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February 27, 2023

News in Charts: China’s high-tech dream gathers pace, but is it sustainable?

by Fathom Consulting.

Fathom’s measure of China’s high-tech exports reached an all-time high in 2021, facilitated by rising demand for high-tech goods during the COVID-19 pandemic. China increased its market share mainly in advanced railway, extending its dominance as the world’s largest high-speed railway exporter, and in medical equipment, driven by unprecedented external demand. China’s revealed comparative advantage is still poor in key technologies such as robotics, however, imposing a drag on the automation that the country urgently needs in order to achieve sustained economic growth.

Over the past few decades, China’s growth model has been characterised by exporting low-skilled manufacturing products to the rest of the world, facilitated by the availability of a large pool of cheap labour. However, this labour surplus has started to decrease due to an ageing population, placing China under growing pressure to move up the value-add chain. Announced in 2015, Beijing’s so-called Made in China 2025 (MIC 2025) plan is its most important attempt so far to transform the country’s enormous manufacturing base into a high-tech powerhouse.

What has MIC 2025 achieved so far? We can assess China’s progress in this matter using Fathom’s tailor-made database: RiCArdo. Fathom’s RiCArdo contains detailed export data for more than 200 different countries and regions for the period 2005-2021. The data has been painstakingly whittled down to capture the ‘new’ (i.e., high-tech) sectors targeted by China’s MIC 2025 plan. Our latest update shows that China high tech exports have gained momentum over the past couple of years, reaching an all-time high, although the Fathom estimate is far lower than official numbers and World Bank estimates.

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The reasons for this improvement are mostly pandemic-related. Consumer behaviour changed as a consequence of the lockdowns, giving a boost to high-tech goods such as computers, mobile phones, fibre cabling etc., as people started to work and socialise remotely. China benefited greatly, being the first country to reverse the negative impact on exports of COVID-19. China’s successful containment measures in the first COVID-19 wave allowed production there to recover, even as it was being curtailed elsewhere; and Beijing also benefited from its dominance in the manufacture of medical equipment and electronic goods used to work from home.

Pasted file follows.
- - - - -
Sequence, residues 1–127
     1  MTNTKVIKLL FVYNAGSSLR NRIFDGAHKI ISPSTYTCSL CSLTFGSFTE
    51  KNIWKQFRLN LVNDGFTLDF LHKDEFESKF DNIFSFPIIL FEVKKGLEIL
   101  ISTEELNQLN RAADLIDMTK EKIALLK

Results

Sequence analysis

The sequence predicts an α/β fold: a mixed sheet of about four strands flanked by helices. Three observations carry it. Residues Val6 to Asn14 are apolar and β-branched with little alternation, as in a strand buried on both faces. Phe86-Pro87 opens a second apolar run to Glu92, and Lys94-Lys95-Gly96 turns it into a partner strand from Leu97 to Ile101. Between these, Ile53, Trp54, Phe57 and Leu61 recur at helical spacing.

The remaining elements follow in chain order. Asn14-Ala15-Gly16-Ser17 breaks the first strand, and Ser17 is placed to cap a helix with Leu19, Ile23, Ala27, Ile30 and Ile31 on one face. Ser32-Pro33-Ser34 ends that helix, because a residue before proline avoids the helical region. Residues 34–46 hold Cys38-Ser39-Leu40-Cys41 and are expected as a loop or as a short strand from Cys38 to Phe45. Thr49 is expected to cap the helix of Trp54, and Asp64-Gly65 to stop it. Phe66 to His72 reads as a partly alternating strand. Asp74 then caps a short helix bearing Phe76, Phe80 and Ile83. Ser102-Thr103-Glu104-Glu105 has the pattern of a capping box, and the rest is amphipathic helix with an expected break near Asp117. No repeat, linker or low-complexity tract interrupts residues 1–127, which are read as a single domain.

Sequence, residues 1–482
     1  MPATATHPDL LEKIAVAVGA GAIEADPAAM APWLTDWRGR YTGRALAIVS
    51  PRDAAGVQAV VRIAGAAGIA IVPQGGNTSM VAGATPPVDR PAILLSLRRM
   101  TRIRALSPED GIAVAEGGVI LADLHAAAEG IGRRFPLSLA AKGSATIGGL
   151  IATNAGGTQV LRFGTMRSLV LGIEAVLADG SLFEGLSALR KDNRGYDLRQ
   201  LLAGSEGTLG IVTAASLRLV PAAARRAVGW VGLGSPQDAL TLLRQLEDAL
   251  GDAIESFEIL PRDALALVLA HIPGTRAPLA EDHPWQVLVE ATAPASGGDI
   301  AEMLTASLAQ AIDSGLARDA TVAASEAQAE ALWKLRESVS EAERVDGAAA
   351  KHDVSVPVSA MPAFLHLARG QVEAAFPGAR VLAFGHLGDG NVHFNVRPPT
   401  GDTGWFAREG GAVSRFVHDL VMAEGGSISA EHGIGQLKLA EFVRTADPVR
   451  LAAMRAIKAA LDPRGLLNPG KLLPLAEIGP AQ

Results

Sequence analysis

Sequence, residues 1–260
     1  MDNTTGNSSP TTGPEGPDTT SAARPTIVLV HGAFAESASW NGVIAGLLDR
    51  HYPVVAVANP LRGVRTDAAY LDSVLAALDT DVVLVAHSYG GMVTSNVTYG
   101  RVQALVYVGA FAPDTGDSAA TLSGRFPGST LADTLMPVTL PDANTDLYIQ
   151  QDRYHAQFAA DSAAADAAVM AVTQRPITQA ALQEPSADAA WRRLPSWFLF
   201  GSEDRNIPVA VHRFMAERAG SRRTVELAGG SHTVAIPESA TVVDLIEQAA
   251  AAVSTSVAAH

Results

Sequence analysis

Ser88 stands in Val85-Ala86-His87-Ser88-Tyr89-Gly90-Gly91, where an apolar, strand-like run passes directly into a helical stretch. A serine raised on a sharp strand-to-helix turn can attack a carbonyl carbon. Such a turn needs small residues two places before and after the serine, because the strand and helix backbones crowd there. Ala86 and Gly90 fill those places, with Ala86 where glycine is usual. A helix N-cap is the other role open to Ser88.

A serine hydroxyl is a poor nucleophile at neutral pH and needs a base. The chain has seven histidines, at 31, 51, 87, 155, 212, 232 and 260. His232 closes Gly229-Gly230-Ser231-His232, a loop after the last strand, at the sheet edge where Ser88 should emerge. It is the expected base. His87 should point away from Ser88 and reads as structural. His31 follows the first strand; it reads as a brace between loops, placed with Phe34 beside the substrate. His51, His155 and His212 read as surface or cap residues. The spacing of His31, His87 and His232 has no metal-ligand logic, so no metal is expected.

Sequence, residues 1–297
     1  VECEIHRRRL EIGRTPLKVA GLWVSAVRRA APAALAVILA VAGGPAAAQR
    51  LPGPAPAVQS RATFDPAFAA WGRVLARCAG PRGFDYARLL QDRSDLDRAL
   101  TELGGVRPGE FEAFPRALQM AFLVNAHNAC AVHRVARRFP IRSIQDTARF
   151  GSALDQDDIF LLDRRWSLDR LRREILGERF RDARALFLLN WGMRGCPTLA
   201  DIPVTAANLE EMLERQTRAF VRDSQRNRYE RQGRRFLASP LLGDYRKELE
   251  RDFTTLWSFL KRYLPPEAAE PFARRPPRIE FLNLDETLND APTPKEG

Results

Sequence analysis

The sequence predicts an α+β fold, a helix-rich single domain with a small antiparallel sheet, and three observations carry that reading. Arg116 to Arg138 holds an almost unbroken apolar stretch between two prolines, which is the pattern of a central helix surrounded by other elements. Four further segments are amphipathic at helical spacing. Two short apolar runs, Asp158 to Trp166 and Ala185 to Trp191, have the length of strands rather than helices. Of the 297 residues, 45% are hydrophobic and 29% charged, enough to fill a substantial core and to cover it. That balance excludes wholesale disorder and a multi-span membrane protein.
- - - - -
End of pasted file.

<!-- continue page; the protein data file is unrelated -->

Despite this improvement, the ‘old’ manufacturing sectors still make up the majority of China’s exports, with high-tech industries accounting for just 16.5%, little changed from pre-pandemic levels.

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Since our series began, China has gained market share across all nine of the high-tech sectors targeted by its MIC 2025 plan, and holds the top spot in advanced railway, IT, new materials, new energy, and maritime engineering — exporting more of these than any other country within our RiCArdo database. In the past couple of years, the most significant improvement in market share rank can be seen in medical industry goods, no doubt driven by unprecedented external demand for critical medical products such as face masks, ventilators, and ultrasonic scanners in light of the COVID-19 outbreak.

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Rather impressive is the sharp increase in market share for advanced railway over the past couple of years (chart below), far outpacing the improvement of the rest of the MIC sectors. China has the world’s largest network of high-speed railways, representing around two thirds of the total. The astonishing expansion of China’s domestic network has given the country the best capabilities in the world, allowing it to take over new markets abroad despite the pandemic difficulties. The prospects for the future look even better, as China’s rail networks are expected to double in length again by 2035.

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Our RiCArdo database is also able to identify the sectors where China holds a revealed comparative advantage (RCA), or degree of specialisation relative to the rest of the world. RiCArdo suggests that China’s progress has been limited, and it holds a comparative advantage in only four of the nine high-tech sectors targeted by the MIC 2025 plan — the same number as in 2010. In other sectors, such as robotics or aerospace, China has not managed to make significant progress. This may be due to international pressures, as a number of advanced economies, led by the US, have responded to President Xi’s plan with more restrictive trade policies (e.g., semiconductor bans) and a greater focus on developing their own high-tech sectors. At the same time, the increasingly interventionist stance of the Chinese government at home also risks stifling domestic private sector innovation.

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Undoubtedly, pandemic-related developments have benefited China, which has managed to increase its share of high-tech exports and quickly gain market share in some sectors. However, the outlook for China’s progress in high tech appears now more challenging than ever, as its relations with western countries appear to be in a deteriorating trend — a fact which is likely to incentivise advanced economies to continue to build more diverse and less China-centric supply chains going forward.

The views expressed in this article are the views of the author, not necessarily those of Refinitiv Lipper or LSEG.

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